Participants were asked if UHC was a right or a priviledge. One respondent summarized it this way:

“It should be a right, considering chapter 2 of the Nigerian constitution, which makes healthcare as part of the primary responsibility of the government…It appears to be right, but the caveat is that it is not justiciable, in the sense that you cannot even sue the government for not doing that but in reality, it is a right.” CBO, Abia State.

When asked what benefits UHC would have on the nation, one participant said,

“So many things will change. I will give you an example in my area where I live, a girl that used to come to my house, because of diarrhea we lost her. Just because of 3 thousand naira, we lost a grown-up girl. They said they should bring, 3 thousand naira, they couldn’t, and they lost that girl. Now by the time these things are accessible she would just run to any clinic.” Indigenous NGO, Niger State.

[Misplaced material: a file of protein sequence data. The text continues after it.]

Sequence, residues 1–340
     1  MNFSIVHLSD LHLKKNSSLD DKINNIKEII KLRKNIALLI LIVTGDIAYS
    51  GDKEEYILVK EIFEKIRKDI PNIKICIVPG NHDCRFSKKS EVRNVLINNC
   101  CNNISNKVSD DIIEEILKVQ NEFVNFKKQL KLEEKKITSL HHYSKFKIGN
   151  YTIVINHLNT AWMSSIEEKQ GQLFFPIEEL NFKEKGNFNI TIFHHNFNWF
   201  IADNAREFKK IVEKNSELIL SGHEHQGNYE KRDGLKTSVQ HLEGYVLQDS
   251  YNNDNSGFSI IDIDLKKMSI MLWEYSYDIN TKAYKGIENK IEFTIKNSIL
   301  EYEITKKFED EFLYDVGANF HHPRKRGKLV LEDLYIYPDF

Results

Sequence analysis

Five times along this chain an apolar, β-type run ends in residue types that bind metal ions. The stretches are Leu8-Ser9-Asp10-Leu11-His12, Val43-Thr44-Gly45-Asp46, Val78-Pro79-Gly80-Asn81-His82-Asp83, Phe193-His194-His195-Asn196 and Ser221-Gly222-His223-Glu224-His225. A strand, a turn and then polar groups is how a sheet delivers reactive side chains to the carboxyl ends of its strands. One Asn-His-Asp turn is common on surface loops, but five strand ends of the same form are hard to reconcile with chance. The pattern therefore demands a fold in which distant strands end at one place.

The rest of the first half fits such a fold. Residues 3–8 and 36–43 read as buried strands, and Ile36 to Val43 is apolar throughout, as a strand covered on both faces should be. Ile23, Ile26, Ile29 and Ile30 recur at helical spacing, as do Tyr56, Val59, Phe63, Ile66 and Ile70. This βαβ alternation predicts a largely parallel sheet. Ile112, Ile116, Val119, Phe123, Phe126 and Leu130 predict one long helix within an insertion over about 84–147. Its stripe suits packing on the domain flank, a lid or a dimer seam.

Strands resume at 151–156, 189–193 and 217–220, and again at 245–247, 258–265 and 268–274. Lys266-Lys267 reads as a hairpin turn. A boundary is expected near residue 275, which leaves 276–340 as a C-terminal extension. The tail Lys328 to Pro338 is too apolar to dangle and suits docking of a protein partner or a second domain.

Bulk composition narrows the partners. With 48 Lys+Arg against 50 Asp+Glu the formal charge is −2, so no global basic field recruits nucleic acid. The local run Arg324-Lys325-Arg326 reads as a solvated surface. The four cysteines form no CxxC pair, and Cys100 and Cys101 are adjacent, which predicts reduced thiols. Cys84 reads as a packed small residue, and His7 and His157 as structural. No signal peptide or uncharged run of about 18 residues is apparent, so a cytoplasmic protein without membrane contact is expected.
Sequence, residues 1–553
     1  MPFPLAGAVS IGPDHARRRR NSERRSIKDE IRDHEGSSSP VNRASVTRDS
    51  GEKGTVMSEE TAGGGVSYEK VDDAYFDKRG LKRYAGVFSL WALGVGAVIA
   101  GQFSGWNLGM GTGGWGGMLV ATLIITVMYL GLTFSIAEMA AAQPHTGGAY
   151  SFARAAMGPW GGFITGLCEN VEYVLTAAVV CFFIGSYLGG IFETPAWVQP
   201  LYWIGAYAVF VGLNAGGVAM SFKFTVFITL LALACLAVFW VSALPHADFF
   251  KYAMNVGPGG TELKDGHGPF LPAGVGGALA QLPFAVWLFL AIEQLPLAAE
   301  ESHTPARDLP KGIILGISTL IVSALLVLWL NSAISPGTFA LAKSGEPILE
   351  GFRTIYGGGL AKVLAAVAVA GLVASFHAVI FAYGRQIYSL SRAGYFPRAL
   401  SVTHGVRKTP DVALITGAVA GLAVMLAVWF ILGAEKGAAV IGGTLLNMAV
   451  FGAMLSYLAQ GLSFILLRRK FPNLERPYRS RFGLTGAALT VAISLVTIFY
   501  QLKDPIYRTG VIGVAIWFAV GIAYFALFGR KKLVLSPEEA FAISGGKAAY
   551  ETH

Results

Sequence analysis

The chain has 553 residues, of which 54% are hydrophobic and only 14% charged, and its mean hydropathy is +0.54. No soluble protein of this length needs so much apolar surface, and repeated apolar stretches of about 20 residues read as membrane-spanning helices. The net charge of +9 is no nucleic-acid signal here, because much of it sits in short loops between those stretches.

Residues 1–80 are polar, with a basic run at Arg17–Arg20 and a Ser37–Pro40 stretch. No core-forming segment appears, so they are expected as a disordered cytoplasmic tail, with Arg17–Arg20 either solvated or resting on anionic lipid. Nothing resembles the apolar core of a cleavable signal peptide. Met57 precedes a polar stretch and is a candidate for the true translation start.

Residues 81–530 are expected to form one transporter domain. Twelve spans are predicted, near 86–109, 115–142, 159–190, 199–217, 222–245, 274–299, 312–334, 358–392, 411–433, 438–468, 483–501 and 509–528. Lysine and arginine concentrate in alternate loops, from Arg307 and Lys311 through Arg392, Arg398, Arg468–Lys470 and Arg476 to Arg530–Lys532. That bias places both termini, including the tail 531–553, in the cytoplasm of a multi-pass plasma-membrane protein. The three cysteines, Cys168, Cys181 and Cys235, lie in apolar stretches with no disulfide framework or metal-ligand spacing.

The survey asked participants for their knowledge of government initiatives to achieve UHC. A majority of respondents had heard mainly about the NHIS.

Another respondent mentioned that:

“Honestly speaking I know that there is National Health Insurance Scheme but I know that the coverage of National Health Insurance Scheme is abysmally low, very low, and its actually covering the people who you would think have an advantage, because its covering the Federal Government workers so the vulnerable are not covered for the most part by National Health Insurance Scheme but I also know that some states are setting up their own health insurance schemes that go beyond those in the formal employment sector, and trying to figure out how you will cover petty traders, and casual workers, women and children and all that.” CBO, Abuja.

Finally, participants were asked how they would explain UHC to a 10-year-old child. One participant responded: